This technology can democratize access to financial services and enable people who do not know each other to faithfully complete economic transactions without relying on counterparties or intermediaries. To be clear, open source software can do what banks have done for thousands of years.
People are realizing the potential of the blockchain and the bitcoin network it supports. This is clear from the transaction growth in bitcoin over the last few years. The chart below shows the number of transactions on the bitcoin blockchain which is doubling every 12 months.
Now is the time to support the growth of such open and decentralized value transfer networks. Legacy systems are centralized proprietary cost centers. They rely on outdated settlement periods designed in the 1950’s. As consumers demand an increasingly digital experience, payment solutions designed by banks are band-aids which include fundamentally flawed security solutions. Such systems expose consumers to needless risk. According to one study by LexisNexis, fraud costs the U.S. economy more than $190B each year. In 2015, there was an increase in the number of large scale breaches of data. The number of incidents have continued to go up, increasing by more than 10% from 2014 according to a major cybersecurity firm. This is because centralizing data increases the risk of a breach.
Aside from fraud and data breaches, the centralized payment systems of the past have simply not kept up with the need of a global population connecting digitally in ever more complex and constant ways. Before we can get to a world where the Circular Economy and Internet of Things are improving sustainability and driving down the costs of production, we have to have a payments network that can facilitate purely digital transactions. This has very exciting implications for helping reduce corruption and reducing human driven impacts on the climate.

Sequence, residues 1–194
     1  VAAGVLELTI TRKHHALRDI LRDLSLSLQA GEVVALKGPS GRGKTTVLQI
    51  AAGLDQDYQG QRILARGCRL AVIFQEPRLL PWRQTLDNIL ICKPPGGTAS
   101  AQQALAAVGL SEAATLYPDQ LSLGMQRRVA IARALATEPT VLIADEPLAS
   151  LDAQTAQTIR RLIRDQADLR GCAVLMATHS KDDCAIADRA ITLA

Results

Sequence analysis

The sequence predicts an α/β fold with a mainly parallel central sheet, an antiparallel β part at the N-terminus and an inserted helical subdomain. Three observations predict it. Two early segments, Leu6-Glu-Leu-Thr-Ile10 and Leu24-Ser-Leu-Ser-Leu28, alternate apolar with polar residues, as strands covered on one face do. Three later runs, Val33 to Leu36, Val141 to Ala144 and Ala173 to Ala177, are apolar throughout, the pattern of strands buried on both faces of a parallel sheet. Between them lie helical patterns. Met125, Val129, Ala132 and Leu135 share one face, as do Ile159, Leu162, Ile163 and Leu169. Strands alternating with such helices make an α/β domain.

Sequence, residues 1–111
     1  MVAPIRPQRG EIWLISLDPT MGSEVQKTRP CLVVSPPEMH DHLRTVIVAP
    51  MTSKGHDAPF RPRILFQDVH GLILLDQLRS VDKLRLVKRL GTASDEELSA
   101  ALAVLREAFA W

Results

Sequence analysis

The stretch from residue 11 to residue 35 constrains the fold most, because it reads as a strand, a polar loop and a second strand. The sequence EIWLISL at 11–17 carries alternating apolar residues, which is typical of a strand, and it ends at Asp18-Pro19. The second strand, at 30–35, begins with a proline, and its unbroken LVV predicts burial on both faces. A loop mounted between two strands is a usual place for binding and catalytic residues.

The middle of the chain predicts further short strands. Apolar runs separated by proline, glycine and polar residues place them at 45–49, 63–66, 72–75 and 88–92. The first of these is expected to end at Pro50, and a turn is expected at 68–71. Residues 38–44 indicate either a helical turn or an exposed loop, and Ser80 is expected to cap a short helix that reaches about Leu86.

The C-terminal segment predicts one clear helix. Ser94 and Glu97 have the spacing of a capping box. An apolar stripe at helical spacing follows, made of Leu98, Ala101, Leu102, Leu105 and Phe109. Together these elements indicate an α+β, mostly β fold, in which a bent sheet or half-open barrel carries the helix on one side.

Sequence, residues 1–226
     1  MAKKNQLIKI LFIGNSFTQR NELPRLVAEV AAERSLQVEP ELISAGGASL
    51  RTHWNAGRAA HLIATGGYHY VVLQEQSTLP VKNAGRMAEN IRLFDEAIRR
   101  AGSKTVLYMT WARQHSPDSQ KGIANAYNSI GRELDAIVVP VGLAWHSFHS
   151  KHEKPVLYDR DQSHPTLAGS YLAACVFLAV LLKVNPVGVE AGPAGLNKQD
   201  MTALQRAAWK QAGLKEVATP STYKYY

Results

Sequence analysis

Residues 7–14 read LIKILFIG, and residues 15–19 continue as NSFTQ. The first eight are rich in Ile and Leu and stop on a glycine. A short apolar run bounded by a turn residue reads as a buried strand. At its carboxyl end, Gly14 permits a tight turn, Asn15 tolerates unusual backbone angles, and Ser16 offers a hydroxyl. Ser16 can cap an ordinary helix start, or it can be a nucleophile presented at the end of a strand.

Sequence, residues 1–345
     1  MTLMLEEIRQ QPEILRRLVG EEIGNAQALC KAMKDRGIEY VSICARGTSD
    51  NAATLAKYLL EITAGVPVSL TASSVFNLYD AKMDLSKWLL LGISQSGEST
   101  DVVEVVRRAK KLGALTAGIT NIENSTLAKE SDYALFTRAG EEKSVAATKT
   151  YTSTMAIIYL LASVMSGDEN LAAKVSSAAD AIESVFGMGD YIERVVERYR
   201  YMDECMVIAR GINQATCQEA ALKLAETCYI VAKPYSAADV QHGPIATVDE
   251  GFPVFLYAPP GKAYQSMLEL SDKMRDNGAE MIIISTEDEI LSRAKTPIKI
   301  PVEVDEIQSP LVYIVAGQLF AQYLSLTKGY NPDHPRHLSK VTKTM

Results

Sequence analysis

This world won’t come to fruition without a way for people to transact with each other affordably, quickly, and easily. The bitcoin blockchain makes this feasible. For the first time an open, accessible, and fair financial future is possible. The good news is that this technological backbone is being used and adapted allowing millions to connect and transact in ways never thought possible. Much work remains to be done to scale such a network to reach the lives of the billions still outside the financial sector. While businesses, citizens, and new technology companies are experimenting with this technology and making it more usable and accessible, policy makers have a role to play as well. The first step is engaging with this new and powerful system. Inviting current participants, entrepreneurs, and software developers to policy meetings to stay abreast of developments and learn how and when to play a supportive role.
Ministers, the business community, civil society, labour and the Internet technical community will gather in Cancún, Mexico on 21-23 June for an OECD Ministerial Meeting on the Digital Economy: Innovation, Growth and Social Prosperity.
Freedom of choice, bitcoins and legal tender Adrian Blundell-Wignall on OECD Insights